Physical description #
All capacitors are thin plates of conductive material separated by a thin layer of insulating material. For the cylindrical electrolytic capacitors in your kit, they are made of two narrow strips of metal foil separated by a strip of thin brown paper, rolled up like a cinnamon roll.
Capacitors are measured in farads. 1 F is 1 coulomb/volt, a measure of how much charge it takes to raise the voltage of the capacitor by 1 volt. Oddly, most of the capacitors we use in electronics are small relative to 1 F, usually in the range of microfarads (uF, 10^-6) down to picofarads (pF, 10^-12).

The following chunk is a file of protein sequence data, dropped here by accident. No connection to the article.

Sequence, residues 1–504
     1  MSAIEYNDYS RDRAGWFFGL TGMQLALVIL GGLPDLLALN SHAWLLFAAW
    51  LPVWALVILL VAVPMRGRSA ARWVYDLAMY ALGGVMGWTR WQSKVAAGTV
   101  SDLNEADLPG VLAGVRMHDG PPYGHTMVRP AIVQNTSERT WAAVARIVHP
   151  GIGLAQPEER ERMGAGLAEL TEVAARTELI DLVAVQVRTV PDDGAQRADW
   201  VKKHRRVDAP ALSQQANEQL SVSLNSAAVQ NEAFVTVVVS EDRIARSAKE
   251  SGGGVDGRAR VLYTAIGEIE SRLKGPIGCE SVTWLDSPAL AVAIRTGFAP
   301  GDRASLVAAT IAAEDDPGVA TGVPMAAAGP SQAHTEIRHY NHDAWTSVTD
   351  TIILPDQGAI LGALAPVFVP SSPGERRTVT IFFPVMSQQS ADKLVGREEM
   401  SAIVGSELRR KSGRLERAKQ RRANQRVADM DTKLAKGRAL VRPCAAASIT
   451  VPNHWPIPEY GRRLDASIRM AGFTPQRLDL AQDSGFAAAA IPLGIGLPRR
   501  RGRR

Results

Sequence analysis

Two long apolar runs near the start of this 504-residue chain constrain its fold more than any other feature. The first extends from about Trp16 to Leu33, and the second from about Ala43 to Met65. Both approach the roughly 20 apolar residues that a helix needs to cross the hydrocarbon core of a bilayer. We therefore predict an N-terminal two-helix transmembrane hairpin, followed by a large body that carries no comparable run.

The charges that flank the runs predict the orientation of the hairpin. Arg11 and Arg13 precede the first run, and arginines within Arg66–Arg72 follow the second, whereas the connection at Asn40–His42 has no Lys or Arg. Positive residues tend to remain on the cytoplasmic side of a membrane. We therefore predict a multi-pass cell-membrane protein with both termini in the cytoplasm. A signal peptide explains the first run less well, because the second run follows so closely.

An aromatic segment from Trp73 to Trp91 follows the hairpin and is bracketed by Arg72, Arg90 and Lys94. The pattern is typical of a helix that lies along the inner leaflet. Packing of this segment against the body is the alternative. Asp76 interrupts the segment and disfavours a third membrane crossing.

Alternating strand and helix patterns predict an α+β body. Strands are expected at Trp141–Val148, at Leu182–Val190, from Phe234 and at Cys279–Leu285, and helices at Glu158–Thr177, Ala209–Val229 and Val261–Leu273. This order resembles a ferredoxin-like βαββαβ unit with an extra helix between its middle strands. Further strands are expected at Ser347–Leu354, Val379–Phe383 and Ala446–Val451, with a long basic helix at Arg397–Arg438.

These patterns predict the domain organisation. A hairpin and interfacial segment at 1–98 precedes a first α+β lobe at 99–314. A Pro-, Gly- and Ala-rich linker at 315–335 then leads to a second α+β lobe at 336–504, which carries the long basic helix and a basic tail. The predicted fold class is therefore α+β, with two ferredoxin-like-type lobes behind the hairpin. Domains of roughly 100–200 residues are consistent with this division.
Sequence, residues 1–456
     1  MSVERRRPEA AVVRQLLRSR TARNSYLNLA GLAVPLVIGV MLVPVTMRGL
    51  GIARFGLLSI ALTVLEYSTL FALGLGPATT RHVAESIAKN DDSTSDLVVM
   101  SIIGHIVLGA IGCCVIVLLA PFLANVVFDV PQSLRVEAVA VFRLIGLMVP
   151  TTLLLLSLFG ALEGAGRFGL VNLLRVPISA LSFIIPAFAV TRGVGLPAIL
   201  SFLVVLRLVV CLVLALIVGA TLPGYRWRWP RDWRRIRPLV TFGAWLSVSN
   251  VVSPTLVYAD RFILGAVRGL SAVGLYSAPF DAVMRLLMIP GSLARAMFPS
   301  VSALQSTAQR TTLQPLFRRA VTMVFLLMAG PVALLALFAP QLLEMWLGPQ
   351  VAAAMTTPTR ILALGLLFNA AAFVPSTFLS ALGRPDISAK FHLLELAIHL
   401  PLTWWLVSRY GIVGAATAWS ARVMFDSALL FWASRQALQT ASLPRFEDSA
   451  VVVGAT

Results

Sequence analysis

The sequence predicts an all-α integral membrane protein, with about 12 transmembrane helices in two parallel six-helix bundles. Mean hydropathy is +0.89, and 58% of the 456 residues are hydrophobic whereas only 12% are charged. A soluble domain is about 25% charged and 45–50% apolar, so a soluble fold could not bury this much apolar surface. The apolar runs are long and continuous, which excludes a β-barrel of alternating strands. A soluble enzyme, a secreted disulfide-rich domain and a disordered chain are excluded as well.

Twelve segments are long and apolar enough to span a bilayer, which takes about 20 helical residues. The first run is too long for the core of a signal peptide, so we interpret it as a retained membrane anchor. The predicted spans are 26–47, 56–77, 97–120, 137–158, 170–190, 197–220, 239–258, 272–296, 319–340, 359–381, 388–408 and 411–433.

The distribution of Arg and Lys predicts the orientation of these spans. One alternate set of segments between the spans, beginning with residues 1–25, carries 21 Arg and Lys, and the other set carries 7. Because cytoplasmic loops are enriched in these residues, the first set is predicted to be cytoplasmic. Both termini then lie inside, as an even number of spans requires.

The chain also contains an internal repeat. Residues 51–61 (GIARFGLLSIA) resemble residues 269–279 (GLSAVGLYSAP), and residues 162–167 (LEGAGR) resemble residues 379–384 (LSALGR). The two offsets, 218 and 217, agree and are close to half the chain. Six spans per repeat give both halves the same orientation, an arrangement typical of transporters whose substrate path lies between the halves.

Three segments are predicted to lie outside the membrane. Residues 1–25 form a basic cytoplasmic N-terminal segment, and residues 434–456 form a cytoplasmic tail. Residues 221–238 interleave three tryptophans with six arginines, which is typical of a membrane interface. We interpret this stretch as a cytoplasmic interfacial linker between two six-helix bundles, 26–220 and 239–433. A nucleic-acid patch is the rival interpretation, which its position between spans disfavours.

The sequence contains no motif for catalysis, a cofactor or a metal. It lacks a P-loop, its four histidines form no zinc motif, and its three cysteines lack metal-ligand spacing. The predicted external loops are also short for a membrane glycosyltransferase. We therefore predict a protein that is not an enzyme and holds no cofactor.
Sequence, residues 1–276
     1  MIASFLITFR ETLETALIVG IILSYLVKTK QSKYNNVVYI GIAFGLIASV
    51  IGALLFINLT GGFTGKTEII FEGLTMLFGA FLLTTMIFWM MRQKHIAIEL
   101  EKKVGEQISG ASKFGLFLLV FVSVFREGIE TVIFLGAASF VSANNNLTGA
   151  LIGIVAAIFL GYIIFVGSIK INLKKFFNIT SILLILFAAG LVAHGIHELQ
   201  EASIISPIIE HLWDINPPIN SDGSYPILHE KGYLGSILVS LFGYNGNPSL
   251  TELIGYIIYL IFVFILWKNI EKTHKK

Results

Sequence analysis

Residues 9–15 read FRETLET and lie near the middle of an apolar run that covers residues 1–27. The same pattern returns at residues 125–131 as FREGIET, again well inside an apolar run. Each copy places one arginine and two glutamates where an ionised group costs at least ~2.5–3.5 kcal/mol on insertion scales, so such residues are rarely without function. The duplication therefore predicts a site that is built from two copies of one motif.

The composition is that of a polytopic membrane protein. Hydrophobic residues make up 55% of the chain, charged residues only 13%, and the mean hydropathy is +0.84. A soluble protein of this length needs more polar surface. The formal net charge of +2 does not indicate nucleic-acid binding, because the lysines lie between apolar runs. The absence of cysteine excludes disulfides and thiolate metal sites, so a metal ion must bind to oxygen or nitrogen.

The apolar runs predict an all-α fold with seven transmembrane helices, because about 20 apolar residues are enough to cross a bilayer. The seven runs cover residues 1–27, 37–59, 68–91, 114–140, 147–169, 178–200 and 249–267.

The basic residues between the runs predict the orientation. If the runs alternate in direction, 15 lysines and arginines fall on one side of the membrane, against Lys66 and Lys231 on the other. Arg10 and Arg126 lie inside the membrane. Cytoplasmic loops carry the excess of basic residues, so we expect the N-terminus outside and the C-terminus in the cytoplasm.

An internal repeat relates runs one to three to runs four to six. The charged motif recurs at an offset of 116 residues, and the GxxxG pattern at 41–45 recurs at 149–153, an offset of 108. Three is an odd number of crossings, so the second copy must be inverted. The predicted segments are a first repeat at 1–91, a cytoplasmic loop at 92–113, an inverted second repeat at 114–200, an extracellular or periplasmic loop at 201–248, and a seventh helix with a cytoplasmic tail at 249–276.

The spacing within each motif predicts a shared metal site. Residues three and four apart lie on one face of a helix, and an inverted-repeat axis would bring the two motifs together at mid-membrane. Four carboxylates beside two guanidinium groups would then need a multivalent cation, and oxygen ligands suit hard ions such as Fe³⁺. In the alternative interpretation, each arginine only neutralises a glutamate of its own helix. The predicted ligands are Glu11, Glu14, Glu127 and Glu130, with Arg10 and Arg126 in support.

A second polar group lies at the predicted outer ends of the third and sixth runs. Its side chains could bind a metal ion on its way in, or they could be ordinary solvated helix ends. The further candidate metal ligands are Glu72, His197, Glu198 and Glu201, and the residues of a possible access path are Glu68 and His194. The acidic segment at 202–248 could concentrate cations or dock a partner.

Voltage-current relationship #
Capacitors behave like frequency-dependent resistors. The governing equation is: \(I = C dV/dt\) , where \(I\) is current, \(C\) is capacitance, and \(dV/dt\) is the rate at which the voltage is changing. The capacitance is a physical property of a capacitor, and is more or less constant. When the frequency of a signal is high, \(dV/dt\) is high, so more current flows. This makes the apparent resistance of capacitor low at high frequency. The reverse is also true: a capacitor appears high resistance to low frequency signals.
But what is the point of them? #
Capacitors can be used in two main ways: as a small battery and as a filter.